Tax Consulting

Tax consulting is effective to help you navigate this ever-changing global tax landscape. This is especially important for businesses as the tax function is increasingly expected to drive growth and contribute to their success.

Regarding tax matters in Singapore, every qualifying individual and company are held accountable to IRAS and must comply with its strict requirements. At NLA DFK, our team of tax consulting experts are kept abreast of both old and new taxation rules, with extensive experience across multiple industries.

Our Tax Consulting Services

Our highly trained and experienced tax consultants can provide the following personal income tax consulting services to individuals in Singapore:

  • Personal income tax planning and advice
  • Preparation of tax computation and schedules
  • Filing of Form B, Form B1 and Form P
  • Managing IRAS audits and investigations

Frequently Asked Questions About Tax Consulting in Singapore

1. What is taxable in Singapore?

Salaries and bonuses are taxable in Singapore. Also, employment benefits such as housing and stock options form part of the taxable employment income.

Some non-taxable items include Singapore dividends, bank interest, and overseas income derived outside Singapore.

2. What taxes do I have to pay in Singapore?

You are regarded as a tax resident in Singapore if your period of stay in Singapore (inclusive of work) is:

  • At least 183 days in a year: You will pay progressive income taxes at local resident rates and can claim tax relief.
  • At least 183 days for a continuous period over two years and the employment period straddles two calendar years: You will pay progressive income taxes at local resident rates and can claim tax relief for both years. 
  • At least 183 days for a continuous period over three years: You will pay progressive income taxes at local resident rates and can claim tax relief for all three years. 

You are regarded as a non-resident in Singapore if:

  • Your period of stay in Singapore (inclusive of work) is for 61 to 182 days: Your employment income is taxed at 15% or at progressive resident rates, whichever is higher. Director’s fees and other income are taxed at the prevailing rate of 22% and there is no tax relief.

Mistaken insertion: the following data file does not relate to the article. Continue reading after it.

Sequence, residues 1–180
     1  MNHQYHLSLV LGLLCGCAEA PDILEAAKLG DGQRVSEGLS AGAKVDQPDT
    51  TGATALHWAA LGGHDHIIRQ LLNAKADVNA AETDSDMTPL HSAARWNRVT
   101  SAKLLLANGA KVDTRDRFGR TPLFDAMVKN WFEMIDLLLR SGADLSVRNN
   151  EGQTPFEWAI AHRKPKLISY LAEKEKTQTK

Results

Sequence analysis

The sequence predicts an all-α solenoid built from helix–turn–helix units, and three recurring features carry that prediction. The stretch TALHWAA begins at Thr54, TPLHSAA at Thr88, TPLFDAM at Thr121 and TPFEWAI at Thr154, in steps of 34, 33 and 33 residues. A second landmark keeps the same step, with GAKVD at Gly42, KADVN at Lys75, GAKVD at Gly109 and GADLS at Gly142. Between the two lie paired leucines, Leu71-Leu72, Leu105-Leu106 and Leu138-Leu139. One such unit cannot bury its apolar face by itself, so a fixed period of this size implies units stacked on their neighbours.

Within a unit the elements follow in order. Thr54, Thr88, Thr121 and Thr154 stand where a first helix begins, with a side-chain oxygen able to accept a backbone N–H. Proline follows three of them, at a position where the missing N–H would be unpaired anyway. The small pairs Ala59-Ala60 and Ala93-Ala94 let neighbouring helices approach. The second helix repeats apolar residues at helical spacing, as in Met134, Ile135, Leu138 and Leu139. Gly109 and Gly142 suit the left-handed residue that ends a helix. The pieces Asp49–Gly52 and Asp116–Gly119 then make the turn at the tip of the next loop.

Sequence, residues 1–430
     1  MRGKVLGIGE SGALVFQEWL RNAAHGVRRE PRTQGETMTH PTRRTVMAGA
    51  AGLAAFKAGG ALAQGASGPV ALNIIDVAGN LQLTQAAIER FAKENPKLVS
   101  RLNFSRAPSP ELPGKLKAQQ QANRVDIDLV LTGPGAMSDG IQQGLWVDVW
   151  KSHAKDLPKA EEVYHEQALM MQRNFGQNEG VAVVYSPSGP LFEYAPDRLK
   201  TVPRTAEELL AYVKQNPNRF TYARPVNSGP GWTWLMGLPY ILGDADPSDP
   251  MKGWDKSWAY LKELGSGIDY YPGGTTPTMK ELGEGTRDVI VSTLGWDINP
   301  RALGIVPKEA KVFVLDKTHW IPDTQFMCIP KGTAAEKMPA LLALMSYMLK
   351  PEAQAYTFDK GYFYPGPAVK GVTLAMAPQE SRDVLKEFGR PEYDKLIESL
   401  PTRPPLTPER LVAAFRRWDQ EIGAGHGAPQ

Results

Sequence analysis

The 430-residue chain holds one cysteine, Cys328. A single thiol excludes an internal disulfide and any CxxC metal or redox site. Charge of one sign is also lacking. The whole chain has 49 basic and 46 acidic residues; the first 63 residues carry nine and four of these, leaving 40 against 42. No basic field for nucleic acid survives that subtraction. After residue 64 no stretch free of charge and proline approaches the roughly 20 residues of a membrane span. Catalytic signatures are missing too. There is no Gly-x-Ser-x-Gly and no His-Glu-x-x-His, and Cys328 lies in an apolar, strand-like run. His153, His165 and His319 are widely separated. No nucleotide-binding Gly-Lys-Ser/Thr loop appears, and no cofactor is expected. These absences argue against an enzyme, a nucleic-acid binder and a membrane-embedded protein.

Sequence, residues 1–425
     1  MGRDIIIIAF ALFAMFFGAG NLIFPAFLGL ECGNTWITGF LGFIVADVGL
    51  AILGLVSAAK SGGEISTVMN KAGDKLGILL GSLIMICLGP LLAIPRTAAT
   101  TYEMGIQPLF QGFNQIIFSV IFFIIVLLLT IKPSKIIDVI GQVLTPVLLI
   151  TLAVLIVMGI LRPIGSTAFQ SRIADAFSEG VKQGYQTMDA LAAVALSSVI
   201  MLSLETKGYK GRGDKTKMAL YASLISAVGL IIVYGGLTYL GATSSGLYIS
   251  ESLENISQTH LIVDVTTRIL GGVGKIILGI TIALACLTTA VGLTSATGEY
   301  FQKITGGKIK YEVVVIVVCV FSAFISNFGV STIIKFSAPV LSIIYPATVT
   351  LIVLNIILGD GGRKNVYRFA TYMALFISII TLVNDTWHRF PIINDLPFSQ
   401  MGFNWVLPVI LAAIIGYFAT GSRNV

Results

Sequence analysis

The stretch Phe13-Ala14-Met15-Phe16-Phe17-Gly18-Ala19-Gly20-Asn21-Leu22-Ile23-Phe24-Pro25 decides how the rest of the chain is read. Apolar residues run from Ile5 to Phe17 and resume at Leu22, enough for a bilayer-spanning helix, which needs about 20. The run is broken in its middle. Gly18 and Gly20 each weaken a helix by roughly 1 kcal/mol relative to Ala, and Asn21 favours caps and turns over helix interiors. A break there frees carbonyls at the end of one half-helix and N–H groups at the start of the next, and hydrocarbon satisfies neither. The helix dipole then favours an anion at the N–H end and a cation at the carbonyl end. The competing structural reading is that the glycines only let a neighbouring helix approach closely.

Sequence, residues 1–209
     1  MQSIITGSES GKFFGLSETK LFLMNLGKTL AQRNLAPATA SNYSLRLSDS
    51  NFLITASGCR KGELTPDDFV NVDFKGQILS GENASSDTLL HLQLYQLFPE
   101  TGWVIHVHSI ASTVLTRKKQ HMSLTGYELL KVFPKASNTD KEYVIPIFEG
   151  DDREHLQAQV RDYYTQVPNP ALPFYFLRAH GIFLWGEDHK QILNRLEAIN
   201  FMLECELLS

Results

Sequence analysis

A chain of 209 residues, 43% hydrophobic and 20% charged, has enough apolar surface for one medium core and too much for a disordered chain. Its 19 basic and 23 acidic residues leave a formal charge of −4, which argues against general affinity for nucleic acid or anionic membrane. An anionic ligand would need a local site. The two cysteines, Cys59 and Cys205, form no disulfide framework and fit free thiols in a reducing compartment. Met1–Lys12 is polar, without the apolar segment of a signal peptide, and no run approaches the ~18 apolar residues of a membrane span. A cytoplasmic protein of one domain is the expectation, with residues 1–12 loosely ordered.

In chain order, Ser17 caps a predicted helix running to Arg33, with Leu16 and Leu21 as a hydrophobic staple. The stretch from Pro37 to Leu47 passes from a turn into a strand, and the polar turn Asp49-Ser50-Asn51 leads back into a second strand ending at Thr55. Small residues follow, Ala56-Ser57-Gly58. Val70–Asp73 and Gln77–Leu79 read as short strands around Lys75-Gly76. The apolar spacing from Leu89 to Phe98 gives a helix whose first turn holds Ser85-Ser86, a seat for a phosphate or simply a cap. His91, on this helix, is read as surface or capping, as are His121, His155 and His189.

•  Employed for 60 days or less: Your short-term employment income is exempt from tax unless

o   You are a director of a company, a public entertainer, or a professional in Singapore; or

o   Your absences from Singapore are incidental to your Singapore employment. In this case, your total income (including income for services rendered outside Singapore) is taxable in full in Singapore.

Singapore has one of the lowest tax rates in the world. The exact tax rates for residents and non-residents can be found on IRAS’s website.

3. What taxes do I have to pay as a company incorporated in Singapore?

Companies incorporated in Singapore have to pay the Corporate Income Tax (CIT) and the Goods and Services Tax (GST).

Corporate Income Tax (CIT): The current CIT rate is 17%, which was effective since the Year of Assessment 2010. Companies can claim rebates for the amount of income taxed.

Goods and Services Tax (GST): GST is a 7% consumption tax that has to be submitted quarterly, either by mandatory registration or voluntary registration. For mandatory GST registration, the company must, or is expected to have, an annual turnover exceeding $1 million. 

Even if the company didn’t hit the annual turnover of $1 million, some may voluntarily choose to have GST registration to claim back the GST on their supplies or to boost their reputation.


4. How do I reduce my taxes in Singapore?

For both individuals and corporations looking to save on taxes in Singapore, you can complete the following:

  • Apply for tax reliefs to offset against your assessable income if you are a tax resident;
  • Claim expenses incurred against your employment income and enjoy tax deductions for approved charitable donations;
  • Enjoy either Time Apportionment of Singapore employment income or Tax Exemption of Employer’s contributions to Overseas Pension Fund, or both under the Not Ordinarily Resident (NOR) Scheme;
  • Enjoy time apportionment of employment income under the Area Representative Scheme if you work for a foreign employer and need to travel overseas in the course of work; and
  • Be protected from being taxed twice in Singapore and your country of residence under the Avoidance of Double Taxation Treaties 
5. When must I file my taxes in Singapore?

Income is assessed on a preceding year basis, ending 31 December. Income tax bills will be sent out by IRAS by September and individuals must file their income tax by 15 Apr of the following year.